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Re: Of Bounties and Mercenaries


    > From: Joe Buck <Joe.Buck@synopsys.COM>

    > On Wed, Apr 07, 2004 at 01:40:53PM -0700, Tom Lord wrote:
    > >     > You misunderstand.  "same bits" means "same bits".  gcc's three-stage
    > >     > bootstrap should produce identical bits regardless of the bootstrap
    > >     > compiler.  It is designed to eliminate effects caused by different
    > >     > starting compilers.  The compiler compiles itself with itself.

    > > I don't misunderstand.   That's what I meant by saying that the "fixed
    > > point" part is easy but the "secure" part is not.

    > > By injecting other compilers in the bootstrapping phase, which
    > > incidentally most customers won't currently bother to do, you're just
    > > raising the bar by a very small amount from a 1-stage thompson virus
    > > to an n-stage thompson virus.

    > Which is why I said that you could prove either that no compiler in the
    > set has a Thompson bug, or they all do.

Right.  We agree about that (which is trivial --- it's a pretty basic
factual thing).  I'm just saying that from published existing
practice, "they all" is a disturbingly small set, for practical
purposes.

Let's get more paranoid, shall we?   Better compare those binaries a
few different ways to be sure the tools you use to compare them aren't
also hosed.  Is that already done with GCC?  Where's the web page
with results?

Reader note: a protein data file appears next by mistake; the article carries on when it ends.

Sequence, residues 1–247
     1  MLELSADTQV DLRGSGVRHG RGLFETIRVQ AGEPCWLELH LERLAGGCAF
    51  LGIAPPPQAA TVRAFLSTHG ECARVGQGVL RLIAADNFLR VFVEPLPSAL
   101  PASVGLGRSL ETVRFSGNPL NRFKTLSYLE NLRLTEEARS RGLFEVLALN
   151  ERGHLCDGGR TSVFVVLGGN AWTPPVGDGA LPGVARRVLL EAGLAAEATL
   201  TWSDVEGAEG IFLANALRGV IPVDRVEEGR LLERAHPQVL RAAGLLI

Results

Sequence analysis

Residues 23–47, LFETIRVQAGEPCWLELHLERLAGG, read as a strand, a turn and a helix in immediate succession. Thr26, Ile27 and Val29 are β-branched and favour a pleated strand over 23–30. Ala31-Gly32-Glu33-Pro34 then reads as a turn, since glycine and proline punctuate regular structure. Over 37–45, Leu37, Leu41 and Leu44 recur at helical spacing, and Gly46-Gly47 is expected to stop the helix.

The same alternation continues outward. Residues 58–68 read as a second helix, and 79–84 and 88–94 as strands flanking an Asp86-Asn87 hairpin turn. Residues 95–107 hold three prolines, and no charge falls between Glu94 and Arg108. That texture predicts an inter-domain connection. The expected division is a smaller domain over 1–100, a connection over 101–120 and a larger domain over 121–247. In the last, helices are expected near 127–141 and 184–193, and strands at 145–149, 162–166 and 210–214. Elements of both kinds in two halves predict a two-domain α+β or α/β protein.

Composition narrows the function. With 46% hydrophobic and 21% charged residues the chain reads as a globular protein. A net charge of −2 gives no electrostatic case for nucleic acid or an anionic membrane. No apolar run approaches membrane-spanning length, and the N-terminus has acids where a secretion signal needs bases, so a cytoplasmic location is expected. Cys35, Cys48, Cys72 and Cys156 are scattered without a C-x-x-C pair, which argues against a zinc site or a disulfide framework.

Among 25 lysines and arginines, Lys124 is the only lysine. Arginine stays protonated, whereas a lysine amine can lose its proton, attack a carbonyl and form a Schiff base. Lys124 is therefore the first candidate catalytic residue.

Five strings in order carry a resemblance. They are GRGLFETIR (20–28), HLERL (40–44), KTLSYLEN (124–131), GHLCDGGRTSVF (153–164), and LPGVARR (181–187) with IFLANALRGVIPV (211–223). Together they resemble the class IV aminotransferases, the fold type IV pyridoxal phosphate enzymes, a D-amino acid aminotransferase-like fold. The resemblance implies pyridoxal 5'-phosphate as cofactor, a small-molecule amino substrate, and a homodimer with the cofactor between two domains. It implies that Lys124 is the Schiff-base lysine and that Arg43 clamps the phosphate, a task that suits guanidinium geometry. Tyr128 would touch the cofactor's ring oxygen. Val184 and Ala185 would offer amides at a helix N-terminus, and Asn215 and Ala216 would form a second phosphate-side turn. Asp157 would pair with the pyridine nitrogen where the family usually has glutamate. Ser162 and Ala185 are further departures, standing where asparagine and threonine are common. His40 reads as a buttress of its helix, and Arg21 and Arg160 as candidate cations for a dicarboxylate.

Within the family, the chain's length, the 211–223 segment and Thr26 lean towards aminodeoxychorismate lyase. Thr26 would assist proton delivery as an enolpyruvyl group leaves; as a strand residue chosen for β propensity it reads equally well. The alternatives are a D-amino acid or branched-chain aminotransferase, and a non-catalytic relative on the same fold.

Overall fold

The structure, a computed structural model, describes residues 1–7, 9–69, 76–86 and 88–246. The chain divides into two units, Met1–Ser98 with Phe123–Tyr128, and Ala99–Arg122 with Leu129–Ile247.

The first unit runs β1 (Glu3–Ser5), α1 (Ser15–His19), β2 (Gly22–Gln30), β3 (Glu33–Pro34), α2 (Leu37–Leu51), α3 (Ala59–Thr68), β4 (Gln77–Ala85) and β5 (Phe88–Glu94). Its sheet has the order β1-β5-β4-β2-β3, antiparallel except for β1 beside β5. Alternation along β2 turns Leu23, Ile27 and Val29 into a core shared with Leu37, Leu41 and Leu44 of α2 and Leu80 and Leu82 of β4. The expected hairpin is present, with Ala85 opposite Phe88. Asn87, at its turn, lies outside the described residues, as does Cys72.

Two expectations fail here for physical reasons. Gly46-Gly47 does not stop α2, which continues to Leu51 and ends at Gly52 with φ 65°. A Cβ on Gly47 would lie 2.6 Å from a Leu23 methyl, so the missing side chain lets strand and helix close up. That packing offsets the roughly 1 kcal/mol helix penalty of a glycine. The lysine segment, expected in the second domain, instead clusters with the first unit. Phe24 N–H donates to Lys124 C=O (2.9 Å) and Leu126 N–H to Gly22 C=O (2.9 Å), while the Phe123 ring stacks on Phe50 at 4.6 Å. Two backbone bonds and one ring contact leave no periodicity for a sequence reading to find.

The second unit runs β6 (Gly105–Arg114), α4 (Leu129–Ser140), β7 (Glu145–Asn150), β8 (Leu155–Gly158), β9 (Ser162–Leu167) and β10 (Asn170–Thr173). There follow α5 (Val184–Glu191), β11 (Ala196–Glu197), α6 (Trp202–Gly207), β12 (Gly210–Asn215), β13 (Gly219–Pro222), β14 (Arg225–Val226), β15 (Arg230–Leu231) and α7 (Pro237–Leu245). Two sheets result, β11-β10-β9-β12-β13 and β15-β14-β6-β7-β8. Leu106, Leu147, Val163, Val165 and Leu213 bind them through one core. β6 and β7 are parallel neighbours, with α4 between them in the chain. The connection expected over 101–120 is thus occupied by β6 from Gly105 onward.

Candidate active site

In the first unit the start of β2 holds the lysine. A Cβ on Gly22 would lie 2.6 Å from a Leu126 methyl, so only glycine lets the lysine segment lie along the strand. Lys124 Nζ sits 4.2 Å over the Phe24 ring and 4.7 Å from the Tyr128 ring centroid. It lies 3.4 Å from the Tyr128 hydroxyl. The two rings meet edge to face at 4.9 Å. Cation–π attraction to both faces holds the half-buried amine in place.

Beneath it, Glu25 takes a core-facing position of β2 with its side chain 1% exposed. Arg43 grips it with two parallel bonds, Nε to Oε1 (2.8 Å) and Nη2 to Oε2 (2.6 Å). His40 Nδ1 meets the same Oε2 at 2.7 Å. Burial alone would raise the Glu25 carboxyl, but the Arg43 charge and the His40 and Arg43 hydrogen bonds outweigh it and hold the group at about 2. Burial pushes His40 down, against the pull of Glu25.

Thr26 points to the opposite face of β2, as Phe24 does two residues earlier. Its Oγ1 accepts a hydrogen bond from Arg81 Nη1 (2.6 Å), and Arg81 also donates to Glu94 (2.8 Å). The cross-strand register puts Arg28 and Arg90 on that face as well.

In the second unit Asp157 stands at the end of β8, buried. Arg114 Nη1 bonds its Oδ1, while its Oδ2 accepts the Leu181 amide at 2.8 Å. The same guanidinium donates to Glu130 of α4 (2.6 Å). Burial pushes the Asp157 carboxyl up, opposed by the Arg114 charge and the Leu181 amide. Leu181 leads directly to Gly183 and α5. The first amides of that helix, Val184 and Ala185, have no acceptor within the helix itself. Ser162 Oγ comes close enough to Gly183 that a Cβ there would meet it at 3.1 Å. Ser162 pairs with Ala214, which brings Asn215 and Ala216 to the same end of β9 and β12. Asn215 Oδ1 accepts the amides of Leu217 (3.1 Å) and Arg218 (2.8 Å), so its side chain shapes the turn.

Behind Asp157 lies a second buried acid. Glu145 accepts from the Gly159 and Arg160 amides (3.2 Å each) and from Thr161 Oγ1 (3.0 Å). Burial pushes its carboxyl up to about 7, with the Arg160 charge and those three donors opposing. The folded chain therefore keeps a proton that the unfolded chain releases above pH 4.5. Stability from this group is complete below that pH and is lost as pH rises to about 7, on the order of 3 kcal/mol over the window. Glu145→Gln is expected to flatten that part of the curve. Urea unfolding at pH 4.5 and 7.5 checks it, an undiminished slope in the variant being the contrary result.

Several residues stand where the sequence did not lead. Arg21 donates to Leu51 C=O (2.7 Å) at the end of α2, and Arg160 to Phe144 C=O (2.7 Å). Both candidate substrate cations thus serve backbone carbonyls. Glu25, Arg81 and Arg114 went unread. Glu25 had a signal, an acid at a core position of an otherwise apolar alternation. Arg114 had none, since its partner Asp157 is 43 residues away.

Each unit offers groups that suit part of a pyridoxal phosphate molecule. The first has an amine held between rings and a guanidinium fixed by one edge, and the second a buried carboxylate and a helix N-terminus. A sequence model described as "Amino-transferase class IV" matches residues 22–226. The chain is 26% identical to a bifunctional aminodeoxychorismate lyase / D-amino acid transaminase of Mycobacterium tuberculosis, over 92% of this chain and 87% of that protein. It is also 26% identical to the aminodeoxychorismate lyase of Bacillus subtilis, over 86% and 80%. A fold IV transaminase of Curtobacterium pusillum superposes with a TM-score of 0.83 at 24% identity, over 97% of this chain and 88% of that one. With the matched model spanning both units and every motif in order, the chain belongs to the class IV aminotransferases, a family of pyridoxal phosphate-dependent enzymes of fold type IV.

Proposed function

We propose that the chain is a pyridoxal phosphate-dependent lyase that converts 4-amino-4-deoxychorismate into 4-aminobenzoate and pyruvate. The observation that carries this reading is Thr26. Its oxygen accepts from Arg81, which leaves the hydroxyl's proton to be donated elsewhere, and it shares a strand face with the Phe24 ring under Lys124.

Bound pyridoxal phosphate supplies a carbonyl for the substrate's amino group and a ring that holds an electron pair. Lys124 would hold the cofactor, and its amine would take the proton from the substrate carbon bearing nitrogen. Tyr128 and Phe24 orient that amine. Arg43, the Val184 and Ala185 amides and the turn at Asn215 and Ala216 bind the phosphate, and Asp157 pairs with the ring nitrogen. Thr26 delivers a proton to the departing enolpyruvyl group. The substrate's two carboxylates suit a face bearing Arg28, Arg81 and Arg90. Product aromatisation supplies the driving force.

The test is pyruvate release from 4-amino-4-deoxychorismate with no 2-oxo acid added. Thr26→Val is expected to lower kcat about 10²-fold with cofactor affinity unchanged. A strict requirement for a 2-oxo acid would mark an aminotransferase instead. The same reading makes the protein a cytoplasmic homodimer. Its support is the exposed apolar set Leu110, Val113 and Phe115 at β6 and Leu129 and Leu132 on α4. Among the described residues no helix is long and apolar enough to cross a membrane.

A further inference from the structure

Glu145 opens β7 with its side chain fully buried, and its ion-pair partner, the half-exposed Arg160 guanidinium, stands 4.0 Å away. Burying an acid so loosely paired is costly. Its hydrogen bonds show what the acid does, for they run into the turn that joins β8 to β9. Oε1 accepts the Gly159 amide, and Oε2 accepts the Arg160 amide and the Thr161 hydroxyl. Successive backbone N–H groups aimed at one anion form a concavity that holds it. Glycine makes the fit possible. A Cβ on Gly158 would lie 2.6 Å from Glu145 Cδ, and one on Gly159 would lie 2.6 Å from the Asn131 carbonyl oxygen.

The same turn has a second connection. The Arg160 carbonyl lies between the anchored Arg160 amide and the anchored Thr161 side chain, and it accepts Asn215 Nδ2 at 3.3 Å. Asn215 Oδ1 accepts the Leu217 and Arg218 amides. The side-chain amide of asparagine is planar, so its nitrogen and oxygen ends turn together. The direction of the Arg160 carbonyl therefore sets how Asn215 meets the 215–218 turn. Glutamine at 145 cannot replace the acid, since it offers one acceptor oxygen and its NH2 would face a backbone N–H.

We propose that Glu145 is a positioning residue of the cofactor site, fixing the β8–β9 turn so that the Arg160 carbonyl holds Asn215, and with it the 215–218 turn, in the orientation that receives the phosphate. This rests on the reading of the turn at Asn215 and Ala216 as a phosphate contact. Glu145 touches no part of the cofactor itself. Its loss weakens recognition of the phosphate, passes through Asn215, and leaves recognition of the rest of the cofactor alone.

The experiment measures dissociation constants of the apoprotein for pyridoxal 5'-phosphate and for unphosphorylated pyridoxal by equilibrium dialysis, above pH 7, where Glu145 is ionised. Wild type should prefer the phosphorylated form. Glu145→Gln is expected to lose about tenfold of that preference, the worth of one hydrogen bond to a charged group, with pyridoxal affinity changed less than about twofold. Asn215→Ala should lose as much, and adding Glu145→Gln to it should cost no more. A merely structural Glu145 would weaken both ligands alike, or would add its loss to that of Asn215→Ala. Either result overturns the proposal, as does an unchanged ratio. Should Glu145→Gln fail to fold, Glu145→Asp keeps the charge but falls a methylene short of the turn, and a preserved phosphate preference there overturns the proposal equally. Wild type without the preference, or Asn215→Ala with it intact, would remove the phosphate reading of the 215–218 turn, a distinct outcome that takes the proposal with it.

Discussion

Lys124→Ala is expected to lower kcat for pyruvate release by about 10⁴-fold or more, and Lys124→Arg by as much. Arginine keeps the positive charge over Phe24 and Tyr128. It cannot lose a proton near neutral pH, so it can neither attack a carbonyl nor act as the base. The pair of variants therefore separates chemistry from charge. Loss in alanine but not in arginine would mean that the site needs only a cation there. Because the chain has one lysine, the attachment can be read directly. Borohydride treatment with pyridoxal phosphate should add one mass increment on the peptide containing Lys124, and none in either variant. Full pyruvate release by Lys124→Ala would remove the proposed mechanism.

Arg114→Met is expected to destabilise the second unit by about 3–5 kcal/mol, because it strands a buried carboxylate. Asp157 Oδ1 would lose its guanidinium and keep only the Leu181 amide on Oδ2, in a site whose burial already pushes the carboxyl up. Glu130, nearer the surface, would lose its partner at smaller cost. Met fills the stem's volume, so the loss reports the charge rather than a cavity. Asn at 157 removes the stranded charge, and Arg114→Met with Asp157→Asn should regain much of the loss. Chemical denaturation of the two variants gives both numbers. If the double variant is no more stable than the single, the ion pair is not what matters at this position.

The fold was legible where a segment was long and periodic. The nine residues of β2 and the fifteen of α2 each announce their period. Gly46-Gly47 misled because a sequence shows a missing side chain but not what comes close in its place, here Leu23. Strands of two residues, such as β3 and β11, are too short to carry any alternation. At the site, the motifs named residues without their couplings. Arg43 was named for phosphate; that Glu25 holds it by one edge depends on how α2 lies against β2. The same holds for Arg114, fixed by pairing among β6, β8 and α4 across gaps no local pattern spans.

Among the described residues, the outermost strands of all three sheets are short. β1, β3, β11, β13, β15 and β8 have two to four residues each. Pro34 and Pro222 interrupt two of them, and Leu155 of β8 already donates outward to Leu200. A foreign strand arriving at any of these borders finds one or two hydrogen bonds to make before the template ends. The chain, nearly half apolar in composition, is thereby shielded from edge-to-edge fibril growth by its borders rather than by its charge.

> > You say: "or else [...] all the free and proprietary compilers you
    > > tried have the same hack" and I'm saying --- that's not currently
    > > far-fetched enough to make me comfortable.  There aren't that many
    > > other compilers I can throw in the mix there and many of them are
    > > centrally controlled.

    > You're off in tinfoil hat land now, I'm afraid.  

Don't be afraid.  I hope and suspect you are right.  At the same time,
I think I have a not completely loony fear that you are wrong.  If I
had to bet a dollar, I'd bet you're right.  If I had to bet a million
dollars -- mmm.... I'd look for some hedges.  Is any org out there
betting a million dollars on the security of GCC as deployed across
the world?


    > Without a theory as to how someone could have gotten the same
    > Thompson hack into Microsoft's compiler, Sun's compiler, HP's
    > compiler, and gcc, and then made sure that the bug would keep
    > functioning over the course of years of compiler evolution,
    > that's simply ridiculous.

Hrm.  For one thing, I'm not aware of any ongoing effort to compare
the results of GCC bootstrapping via all those paths.  Are you?

For another thing: a 3-way attack vector?   That's not huge.  Let's
compare attack costs vs. attack rewards.   How many gazillions of
dollars are modulated by GCC-generated code?


    > Remember, for the Thompson hack to work, the compiler has to recognize
    > that it's compiling the compiler, and hack the output to reinsert two sets
    > of bugs into the output code.  But Thompson only had to recognize pcc.
    > Your hypothetical hack would have to recognize every C compiler in
    > existence, propagating the bugs into each one, every time, no matter
    > how they change.

Yeah, right.   Since the Thompson paper, noboby at all has worked on
higher-level programming techniques.  Sure.

We agree about the factual issues -- just not about our guestimates of
how they measure up against the economics.   I concede .... I'm
expressing a paranoia.  I assert: it's not so far fetched as to be
worth ignoring.

-t


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